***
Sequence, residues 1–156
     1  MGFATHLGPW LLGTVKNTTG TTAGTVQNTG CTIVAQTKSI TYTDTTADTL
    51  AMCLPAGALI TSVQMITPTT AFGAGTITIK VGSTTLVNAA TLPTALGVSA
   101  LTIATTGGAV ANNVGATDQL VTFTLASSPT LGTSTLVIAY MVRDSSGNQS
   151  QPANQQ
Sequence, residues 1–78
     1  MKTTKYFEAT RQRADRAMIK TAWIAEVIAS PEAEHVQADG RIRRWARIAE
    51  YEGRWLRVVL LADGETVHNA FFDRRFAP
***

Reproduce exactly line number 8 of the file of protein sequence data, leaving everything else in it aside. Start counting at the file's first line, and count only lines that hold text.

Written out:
    51  YEGRWLRVVL LADGETVHNA FFDRRFAP